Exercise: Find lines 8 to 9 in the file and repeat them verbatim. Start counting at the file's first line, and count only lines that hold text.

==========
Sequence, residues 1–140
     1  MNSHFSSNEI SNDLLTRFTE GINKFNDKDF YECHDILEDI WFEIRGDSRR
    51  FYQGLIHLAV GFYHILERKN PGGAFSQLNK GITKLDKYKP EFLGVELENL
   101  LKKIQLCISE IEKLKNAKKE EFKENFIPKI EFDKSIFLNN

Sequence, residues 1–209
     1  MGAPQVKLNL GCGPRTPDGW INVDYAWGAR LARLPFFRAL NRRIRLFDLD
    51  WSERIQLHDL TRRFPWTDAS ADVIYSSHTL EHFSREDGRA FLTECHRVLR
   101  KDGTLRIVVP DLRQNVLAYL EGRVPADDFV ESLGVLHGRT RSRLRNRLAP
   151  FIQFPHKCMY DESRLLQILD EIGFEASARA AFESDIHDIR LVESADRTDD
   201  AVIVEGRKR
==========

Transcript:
   101  KDGTLRIVVP DLRQNVLAYL EGRVPADDFV ESLGVLHGRT RSRLRNRLAP
   151  FIQFPHKCMY DESRLLQILD EIGFEASARA AFESDIHDIR LVESADRTDD